That means areas such as Kalkaska County will have three months to wait out the budget dispute before officials will be forced to make tough staffing decisions, said Sheriff Partrick Whiteford, who employs one state-funded secondary road patrol officer. 

If Whitmer and lawmakers don't strike a deal to restore the funding by the end of the year, Kalkaska County would either need to find a way to make up the shortfall or "I would have to eliminate the position," he said. 

That would amount to a 10 percent reduction in Kalkaska’s 10-deputy road patrol unit. Whiteford said his nine other deputies are primarily focused on responding to complaints, including breaking-and-entering crimes. 

"We get a lot of those up here," he said. "So really, as far as traffic enforcement, I rely almost solely on my (secondary road patrol) car."

Kalkaska County gets heavy traffic on US-131, M-72 and M-66, "but we have a lot of side and secondary roads that, with the minimal amount of deputies I have, don't get a lot of attention and would get less if we don't have that SRP officer," Whiteford added. 

Whitmer had earmarked $11 million for the secondary road program in her own budget proposal, which she unveiled in March. The Legislature voted to increase that by $2 million, but Whitmer vetoed the entire line item as part of the ongoing budget dispute.  She also rejected $654,500 in related training grants for local law enforcement agencies. 

The governor has made clear she is open to reversing some of those vetoes  if Republican leaders start new negotiations following a contentious budget process she capped by rejecting nearly  $1 billion in planned spending and using a rare power to shift $625 million within departments. 

It’s unclear when or if the state will be able to award secondary road patrol grants this year. 

“At this point, it’s hard to determine based on the negotiations taking place between the governor, with the line-item vetoes, and the Legislature,” said Kari Arend, a spokeswoman for the Office of Highway Safety Planning.

Talks between Whitmer and GOP leaders broke down in early September, three weeks before the constitutional deadline to complete a budget or partially shutdown state government.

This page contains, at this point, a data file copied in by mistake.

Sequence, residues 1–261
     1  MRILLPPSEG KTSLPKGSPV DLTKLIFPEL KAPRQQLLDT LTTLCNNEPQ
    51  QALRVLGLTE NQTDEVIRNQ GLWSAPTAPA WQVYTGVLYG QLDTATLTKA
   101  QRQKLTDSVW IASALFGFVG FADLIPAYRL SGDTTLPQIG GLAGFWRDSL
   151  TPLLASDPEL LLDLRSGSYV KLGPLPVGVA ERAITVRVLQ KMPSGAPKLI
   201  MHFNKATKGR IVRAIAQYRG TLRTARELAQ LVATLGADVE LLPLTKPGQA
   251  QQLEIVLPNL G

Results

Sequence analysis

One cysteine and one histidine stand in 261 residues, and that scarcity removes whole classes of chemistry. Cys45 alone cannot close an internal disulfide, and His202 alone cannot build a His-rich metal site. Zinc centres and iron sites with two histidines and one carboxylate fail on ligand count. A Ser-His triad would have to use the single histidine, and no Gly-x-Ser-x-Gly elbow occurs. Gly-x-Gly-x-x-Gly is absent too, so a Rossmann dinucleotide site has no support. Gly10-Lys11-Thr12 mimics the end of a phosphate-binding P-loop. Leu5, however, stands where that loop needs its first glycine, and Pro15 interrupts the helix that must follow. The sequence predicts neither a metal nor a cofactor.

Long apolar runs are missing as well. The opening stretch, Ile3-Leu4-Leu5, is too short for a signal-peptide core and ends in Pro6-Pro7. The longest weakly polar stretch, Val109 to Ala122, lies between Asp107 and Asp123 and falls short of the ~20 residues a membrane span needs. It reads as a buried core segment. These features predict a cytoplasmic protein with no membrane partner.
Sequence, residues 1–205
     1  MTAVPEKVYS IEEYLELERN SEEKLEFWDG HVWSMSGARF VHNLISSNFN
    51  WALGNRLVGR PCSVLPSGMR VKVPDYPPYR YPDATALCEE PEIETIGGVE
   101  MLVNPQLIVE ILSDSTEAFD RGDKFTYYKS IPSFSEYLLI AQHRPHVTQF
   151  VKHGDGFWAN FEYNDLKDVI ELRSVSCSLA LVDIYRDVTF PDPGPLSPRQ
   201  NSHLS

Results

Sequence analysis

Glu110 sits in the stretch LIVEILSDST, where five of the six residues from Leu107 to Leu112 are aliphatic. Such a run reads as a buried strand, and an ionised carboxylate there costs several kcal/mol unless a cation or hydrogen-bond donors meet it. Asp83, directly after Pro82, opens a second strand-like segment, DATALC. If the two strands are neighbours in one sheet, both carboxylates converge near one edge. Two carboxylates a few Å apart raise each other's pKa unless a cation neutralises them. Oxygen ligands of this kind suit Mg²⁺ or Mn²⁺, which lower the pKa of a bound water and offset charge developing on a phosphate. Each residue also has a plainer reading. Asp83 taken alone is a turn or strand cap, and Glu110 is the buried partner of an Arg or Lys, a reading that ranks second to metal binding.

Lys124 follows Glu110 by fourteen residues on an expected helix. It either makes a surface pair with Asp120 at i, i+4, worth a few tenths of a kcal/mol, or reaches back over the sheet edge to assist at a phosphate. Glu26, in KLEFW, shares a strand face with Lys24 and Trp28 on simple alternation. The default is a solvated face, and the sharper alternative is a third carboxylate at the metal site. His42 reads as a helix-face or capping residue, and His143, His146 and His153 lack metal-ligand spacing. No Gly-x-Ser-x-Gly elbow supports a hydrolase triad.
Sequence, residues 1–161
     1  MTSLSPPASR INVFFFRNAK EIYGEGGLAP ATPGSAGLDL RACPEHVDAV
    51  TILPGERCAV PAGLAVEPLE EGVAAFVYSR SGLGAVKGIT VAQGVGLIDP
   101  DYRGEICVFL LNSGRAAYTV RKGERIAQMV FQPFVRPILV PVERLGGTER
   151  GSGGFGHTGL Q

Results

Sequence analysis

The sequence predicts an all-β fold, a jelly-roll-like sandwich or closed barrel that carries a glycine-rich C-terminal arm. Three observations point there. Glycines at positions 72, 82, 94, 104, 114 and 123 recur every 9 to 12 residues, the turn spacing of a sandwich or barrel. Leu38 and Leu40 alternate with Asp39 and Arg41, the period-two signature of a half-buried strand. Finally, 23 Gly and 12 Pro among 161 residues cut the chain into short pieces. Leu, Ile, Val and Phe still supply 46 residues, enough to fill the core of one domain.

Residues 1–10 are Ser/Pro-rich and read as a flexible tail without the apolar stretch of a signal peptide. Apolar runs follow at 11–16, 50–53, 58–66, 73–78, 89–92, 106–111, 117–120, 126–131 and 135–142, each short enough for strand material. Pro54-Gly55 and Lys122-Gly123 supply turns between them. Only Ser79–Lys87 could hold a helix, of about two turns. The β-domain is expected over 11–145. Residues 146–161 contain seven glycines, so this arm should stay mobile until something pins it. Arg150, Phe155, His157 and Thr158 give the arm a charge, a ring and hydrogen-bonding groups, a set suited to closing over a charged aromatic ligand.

The Legislature ended up approving budgets without the governor's input. She signed the resulting bills but called them a "mess," arguing the budget was built on faulty assumptions that would jeopardize programs in the Michigan Department of Corrections and other areas. 

Whitmer's line-item vetoes cut several top GOP priorities, including a charter school funding increase, and appeared to target programs in rural areas typically represented Republicans. 

"I'm not out to punish anybody," she said Wednesday. "I'm out to make sure that we protect the public safety, public health and the public welfare of the people in our state. And I have been, and remain, ready to negotiate to do that."

Whitmer has identified her priorities for a potential supplemental spending bill, but Republicans frustrated by her aggressive use of executive power have said they are in no hurry to resume budget negotiations. 

“There’s a lot of things in those line-item vetoes that the citizens of the state of Michigan are desperately waiting for a correction on,” Senate Majority Leader Mike Shirkey said Wednesday.

“And if the governor, if my governor, thinks that she made a mistake with a red pen, she can let us know which ones she’d like to have back so we can reinstate them.”

Sheriff's departments across the state have already submitted annual applications for secondary road patrol grants and are waiting to see how the budget drama plays out before their own new fiscal years begin. 

"Our argument is public safety -- [the program is] good for everyone," McLean, the Houghton County sheriff.

“But there's no sense getting too excited or storming the Bastille with pitchforks and torches. Let's negotiate a bit here and see what happens."